PGA can take a walk

Dan Johnson is a Paradise resident who retired last July after 25 years with the state Department of Rehabilitation working as a counselor for people with disabilities.

As someone who worked with people with disabilities for 25 years, I was very pleased with the recent U.S. Supreme Court decision that allows Casey Martin to use a golf car in Professional Golf Association-sponsored tournaments. Mr. Martin has a circulatory disease that makes it difficult and painful for him to walk. He sued the PGA when it denied his request to use the car under the Americans with Disabilities Act.

The case revolved around two issues: Do PGA tournaments fall under the jurisdiction of the disabilities act, and does using a golf car “fundamentally alter the nature” of the tournaments? The former issue involved legal interpretations better suited for the legal scholars to discuss. The latter issue seemed to be more critical and touched off most of the controversy.

In essence, the PGA argued that walking is a fundamental part of golf and thus critical to the outcome of a tournament. It is the PGA’s contention that walking brings a critical element of fatigue that can “fundamentally alter” the outcome of tournaments.

It is difficult to consider as physically strenuous an activity where the standard attire is slacks and a polo shirt. If the walking is so important, I wonder why TV coverage overlooks it and instead focuses on players making shots? Are we missing dramatic coverage of players near collapse, staggering from shot to shot only to be revived by their caddies just in time for the TV cameras to show them making their next shot?

When this case first became public, PGA officials described a tournament some years before where a golfer approached the final green in near exhaustion. That seemed to be the crux of their case: Once, a number of years ago, one guy got tired. That particular day saw record heat, so it would not surprise me if a study of the records showed that even some spectators were near collapse, as well.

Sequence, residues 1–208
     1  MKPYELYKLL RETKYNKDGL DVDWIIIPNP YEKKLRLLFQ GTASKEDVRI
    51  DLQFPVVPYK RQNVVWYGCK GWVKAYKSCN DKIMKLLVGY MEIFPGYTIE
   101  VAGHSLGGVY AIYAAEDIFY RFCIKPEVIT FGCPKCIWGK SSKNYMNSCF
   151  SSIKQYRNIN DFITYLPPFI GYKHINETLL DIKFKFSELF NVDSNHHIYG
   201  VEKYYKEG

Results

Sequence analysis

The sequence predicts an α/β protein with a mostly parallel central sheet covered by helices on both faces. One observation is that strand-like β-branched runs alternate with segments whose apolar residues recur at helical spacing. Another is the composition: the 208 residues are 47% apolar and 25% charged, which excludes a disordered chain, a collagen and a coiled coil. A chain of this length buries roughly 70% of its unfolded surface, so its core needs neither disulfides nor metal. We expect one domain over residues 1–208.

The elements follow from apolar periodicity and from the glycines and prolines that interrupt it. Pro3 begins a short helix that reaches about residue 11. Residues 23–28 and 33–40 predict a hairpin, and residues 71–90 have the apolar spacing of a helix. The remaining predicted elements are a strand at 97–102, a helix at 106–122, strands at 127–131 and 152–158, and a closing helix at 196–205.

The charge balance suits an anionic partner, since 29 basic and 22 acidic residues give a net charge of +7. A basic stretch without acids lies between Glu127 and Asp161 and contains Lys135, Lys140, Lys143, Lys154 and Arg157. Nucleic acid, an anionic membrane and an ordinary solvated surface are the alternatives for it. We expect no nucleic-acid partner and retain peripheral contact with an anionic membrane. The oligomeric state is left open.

There are those—unfortunately Justices Anthony Scalia and Clarence Thomas are among them—who say that allowing Casey Martin to use a golf cart is analogous to permitting a learning-disabled baseball player four strikes or lowering the basketball hoop to accommodate short players. These comparisons are absurd. Mr. Martin did not ask for a larger cup to shoot at or permission to play off tees closer to the hole. Such requests would certainly “fundamentally alter” the game. A much more suitable analogy would be Barry Bonds using a pad to protect his elbow from an errant pitch or a basketball player wearing a knee brace to protect and stabilize an injured knee.

Besides, how could something called a “golf” car be so foreign to the game of golf that its use would fundamentally alter it?

The PGA could do itself a big favor by dropping all this hogwash about the strenuous, physical nature of its game and focus instead on the incredible skill and concentration it takes to hit a ball 175 yards and have it land within a few feet of the target. In the final analysis, the court decision was a blow to the blind observance of an outdated tradition and a victory for people with disabilities that will further enhance their full participation in society. Good luck, Casey Martin.